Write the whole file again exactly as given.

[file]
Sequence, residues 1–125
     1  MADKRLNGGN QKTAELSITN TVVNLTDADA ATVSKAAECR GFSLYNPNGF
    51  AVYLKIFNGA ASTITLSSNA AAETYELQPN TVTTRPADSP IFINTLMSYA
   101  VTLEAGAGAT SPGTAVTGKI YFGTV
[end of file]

Sequence, residues 1–125
     1  MADKRLNGGN QKTAELSITN TVVNLTDADA ATVSKAAECR GFSLYNPNGF
    51  AVYLKIFNGA ASTITLSSNA AAETYELQPN TVTTRPADSP IFINTLMSYA
   101  VTLEAGAGAT SPGTAVTGKI YFGTV